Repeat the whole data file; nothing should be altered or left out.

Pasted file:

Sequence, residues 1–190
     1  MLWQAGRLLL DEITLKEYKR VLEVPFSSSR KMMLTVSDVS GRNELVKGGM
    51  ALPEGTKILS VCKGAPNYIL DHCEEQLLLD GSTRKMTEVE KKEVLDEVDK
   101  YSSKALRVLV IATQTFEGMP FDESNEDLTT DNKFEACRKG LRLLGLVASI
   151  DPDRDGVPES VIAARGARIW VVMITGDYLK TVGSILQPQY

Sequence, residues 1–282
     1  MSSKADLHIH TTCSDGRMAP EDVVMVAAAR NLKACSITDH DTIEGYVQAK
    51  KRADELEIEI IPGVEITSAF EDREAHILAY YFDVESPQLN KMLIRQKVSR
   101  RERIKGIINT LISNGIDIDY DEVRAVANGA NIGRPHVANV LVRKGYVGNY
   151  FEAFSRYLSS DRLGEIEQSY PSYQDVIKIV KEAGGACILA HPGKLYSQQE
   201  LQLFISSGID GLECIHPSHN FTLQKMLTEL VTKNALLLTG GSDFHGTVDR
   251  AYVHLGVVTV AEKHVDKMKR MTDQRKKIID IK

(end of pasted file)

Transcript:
Sequence, residues 1–190
     1  MLWQAGRLLL DEITLKEYKR VLEVPFSSSR KMMLTVSDVS GRNELVKGGM
    51  ALPEGTKILS VCKGAPNYIL DHCEEQLLLD GSTRKMTEVE KKEVLDEVDK
   101  YSSKALRVLV IATQTFEGMP FDESNEDLTT DNKFEACRKG LRLLGLVASI
   151  DPDRDGVPES VIAARGARIW VVMITGDYLK TVGSILQPQY

Sequence, residues 1–282
     1  MSSKADLHIH TTCSDGRMAP EDVVMVAAAR NLKACSITDH DTIEGYVQAK
    51  KRADELEIEI IPGVEITSAF EDREAHILAY YFDVESPQLN KMLIRQKVSR
   101  RERIKGIINT LISNGIDIDY DEVRAVANGA NIGRPHVANV LVRKGYVGNY
   151  FEAFSRYLSS DRLGEIEQSY PSYQDVIKIV KEAGGACILA HPGKLYSQQE
   201  LQLFISSGID GLECIHPSHN FTLQKMLTEL VTKNALLLTG GSDFHGTVDR
   251  AYVHLGVVTV AEKHVDKMKR MTDQRKKIID IK